It started with an inside joke the set of “The Water Engine,” The College of Idaho’s 2017 spring play. Between intense scenes of mystery and blackmail, four of the play’s actors crafted an ambitious idea for their own show: “Johnny Danger and the Nazis.”
“It’s like a rock musical, but it has a ridiculous budget and we can’t do it right now,” said John Wicks ’17. “But working together after college is something that we knew we wanted to do.”
Now performing in a group they’ve christened the Danger Theatre Company, Wicks is teaming up with fellow theatre alum Austin Murray ’17 and current C of I theatre majors Andres Maldonado and David Garrison to perform Yasmina Reza’s Tony Award winning comedy “Art” at the Alpine Playhouse in McCall, Idaho for two weekends this summer — their first show as a new group creating their own performance opportunities outside of Studio Theatre of the Langroise Center.
“I think working together on something fresh is what unites us all,” Maldonado said. “We all want to do theatre for a living and talk about the kind of theatre that’s relevant to us.”
Garrison is the director for their minimalist take on an English-language adaptation of the originally French play, with Wicks, Maldonado and Murray performing on-stage as the cast, telling the story of three long-time friends clashing over their opinions not only on fine art, but also on love and friendship.
“At its core, this is a play about respect,” Garrison said. “I feel like it’s something really relevant, especially in how our political system is going. How do we respect each other? What do we value? I feel like a lot of what makes theatre so great is reflecting what we’re like as humanity.”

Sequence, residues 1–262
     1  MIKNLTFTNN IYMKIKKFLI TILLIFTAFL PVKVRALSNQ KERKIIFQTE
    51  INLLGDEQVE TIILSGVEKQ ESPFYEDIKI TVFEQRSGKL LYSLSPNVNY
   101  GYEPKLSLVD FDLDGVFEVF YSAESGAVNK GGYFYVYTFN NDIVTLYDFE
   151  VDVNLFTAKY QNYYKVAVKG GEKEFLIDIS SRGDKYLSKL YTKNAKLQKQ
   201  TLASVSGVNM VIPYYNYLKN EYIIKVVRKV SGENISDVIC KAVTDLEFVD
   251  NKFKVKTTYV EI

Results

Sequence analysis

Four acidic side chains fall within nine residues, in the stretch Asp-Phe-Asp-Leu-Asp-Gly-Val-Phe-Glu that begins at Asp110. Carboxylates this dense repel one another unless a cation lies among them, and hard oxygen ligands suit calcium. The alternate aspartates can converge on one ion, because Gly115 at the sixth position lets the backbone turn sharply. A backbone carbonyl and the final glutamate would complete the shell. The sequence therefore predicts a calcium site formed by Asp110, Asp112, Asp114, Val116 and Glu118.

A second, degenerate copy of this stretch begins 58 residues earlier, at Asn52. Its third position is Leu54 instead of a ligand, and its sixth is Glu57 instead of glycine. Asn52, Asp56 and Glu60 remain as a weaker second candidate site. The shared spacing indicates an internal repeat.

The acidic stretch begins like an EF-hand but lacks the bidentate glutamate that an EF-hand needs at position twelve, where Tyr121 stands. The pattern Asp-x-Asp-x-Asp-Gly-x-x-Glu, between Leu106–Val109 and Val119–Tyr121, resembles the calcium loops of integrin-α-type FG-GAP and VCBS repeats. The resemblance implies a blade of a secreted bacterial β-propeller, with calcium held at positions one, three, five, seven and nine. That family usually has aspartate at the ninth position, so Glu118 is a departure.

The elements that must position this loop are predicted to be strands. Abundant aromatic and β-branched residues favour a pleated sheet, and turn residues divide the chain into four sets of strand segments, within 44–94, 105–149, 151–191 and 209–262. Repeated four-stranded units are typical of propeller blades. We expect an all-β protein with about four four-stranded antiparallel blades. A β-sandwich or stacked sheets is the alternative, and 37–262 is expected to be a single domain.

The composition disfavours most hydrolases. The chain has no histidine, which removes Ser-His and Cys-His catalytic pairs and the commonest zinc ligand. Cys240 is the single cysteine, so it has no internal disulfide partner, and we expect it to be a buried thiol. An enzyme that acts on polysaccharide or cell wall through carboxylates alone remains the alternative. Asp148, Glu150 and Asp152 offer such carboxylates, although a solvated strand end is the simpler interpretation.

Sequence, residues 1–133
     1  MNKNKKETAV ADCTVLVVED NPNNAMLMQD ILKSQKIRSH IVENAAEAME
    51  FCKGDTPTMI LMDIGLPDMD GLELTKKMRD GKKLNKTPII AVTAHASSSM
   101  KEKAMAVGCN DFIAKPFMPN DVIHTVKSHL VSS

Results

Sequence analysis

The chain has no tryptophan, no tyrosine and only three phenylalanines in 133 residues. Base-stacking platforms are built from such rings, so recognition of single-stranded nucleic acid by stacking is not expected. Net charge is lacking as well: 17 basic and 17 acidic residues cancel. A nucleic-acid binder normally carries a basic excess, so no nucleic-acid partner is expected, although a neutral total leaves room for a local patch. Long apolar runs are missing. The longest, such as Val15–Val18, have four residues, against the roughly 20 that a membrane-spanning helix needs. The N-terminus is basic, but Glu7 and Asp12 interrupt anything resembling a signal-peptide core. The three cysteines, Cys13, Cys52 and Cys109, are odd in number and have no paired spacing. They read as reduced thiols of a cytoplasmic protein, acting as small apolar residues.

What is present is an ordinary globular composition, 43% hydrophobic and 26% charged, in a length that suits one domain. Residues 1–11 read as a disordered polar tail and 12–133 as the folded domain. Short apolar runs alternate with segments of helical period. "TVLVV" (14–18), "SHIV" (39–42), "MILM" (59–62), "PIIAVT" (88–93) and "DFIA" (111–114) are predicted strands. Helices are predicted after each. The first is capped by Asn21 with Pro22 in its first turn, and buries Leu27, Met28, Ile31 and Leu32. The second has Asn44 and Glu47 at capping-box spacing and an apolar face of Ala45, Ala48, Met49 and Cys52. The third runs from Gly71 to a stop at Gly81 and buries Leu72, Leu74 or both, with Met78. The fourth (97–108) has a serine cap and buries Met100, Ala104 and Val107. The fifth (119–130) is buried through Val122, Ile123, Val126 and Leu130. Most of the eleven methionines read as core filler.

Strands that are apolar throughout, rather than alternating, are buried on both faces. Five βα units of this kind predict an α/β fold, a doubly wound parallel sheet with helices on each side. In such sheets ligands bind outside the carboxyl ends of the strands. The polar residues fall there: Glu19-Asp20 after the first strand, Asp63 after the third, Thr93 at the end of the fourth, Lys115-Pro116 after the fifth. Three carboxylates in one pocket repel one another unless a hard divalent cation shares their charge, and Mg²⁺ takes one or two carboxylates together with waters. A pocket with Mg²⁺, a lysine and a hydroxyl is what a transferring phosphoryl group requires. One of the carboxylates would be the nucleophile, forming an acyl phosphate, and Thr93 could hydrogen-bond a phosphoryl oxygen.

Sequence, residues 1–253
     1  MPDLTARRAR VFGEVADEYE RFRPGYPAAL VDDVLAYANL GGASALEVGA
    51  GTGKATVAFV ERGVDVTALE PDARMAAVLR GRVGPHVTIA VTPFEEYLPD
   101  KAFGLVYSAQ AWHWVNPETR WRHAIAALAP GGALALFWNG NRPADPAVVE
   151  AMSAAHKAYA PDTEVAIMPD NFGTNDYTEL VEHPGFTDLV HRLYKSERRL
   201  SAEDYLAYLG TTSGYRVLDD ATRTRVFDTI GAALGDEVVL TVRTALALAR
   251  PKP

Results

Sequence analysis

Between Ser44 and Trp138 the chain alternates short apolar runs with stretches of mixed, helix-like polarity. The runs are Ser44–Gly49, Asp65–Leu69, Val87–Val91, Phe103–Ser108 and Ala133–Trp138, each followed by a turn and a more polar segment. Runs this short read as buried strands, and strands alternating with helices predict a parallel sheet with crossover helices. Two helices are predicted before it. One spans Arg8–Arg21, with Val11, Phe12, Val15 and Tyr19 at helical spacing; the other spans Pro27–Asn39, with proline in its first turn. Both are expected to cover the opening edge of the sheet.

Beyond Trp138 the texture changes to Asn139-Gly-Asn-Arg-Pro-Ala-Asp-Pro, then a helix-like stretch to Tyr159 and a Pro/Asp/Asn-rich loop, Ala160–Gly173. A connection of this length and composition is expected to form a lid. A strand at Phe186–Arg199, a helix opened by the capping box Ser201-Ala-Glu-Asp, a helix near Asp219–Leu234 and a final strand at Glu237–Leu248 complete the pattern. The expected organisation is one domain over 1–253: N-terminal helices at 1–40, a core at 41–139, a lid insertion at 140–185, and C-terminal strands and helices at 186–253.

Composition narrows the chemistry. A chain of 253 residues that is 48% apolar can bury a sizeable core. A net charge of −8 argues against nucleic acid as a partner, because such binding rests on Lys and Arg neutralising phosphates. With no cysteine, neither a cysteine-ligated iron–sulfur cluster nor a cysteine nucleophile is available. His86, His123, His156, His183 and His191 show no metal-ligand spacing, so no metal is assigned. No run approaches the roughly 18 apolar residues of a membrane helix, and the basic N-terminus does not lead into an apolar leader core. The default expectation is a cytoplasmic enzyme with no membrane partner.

As the group of young artists began to have serious discussions about working together over the summer, Garrison sought out both a script calling for three actors and a performance venue. The group was presented with an opportunity to perform at McCall’s Alpine Playhouse, which allowed them to begin rehearsing seriously.
“I knew three talented actors and I had a script that called for three men,” Garrison said. “And lucky for me, they ended up being the three best suited actors for this show.”
The play’s themes of friendship are well suited to Wicks, Murray and Maldonado, who have all worked together in multiple theatre productions at the C of I. Through their work on-stage and their strong personal relationship beyond it, their natural chemistry is an easy fit for the play’s material.
“When we all get together, we can definitely be a bunch of clowns,” Murray said. “It’s really easy to get too comfortable and forget we’re here to work, too. We have to find a balance between joking around and not being afraid to critique each other.”
The group was also excited to seize the opportunity to perform with creative freedom, exploring the kind of theatre that spoke most to them.
“We don’t want to do the same old stuff anymore,” Wicks said. “We have nothing holding us back from making the performance exactly what we want it to be, and there are no voices in our ears telling us what we need to do. We like taking risks, and I think any time you’re on the stage, you’re risking it all.”
Beyond that, the group also sees it as a learning experience that can get their foot in the door for other performance opportunities in the future, both in Idaho and beyond.
“What I love most about this is that it’s a trial by fire,” Garrison said. “Really, there’s no better way to do this than to just do it. We’re all guys that want to act and perform professionally, and you have to start somewhere.”
“Art” plays at the Alpine Playhouse at 7:30 p.m. on July 27-29 and Aug. 3-5. Tickets cost $7 and are sold at May Hardware as well as the door.
The College of Idaho has a 125-year-old legacy of excellence. The C of I is known for its outstanding academic programs, winning athletics tradition and history of producing successful graduates, including seven Rhodes Scholars, three governors, four NFL players and countless business leaders and innovators. Its distinctive PEAK Curriculum challenges students to attain competency in the four knowledge peaks of humanities, natural sciences, social sciences and a professional field—empowering them to earn a major and three minors in four years. The College’s close-knit, residential campus is located in Caldwell, where its proximity both to Boise and to the world-class outdoor activities of southwest Idaho’s mountains and rivers offers unique opportunities for learning beyond the classroom. For more information, visit www.collegeofidaho.edu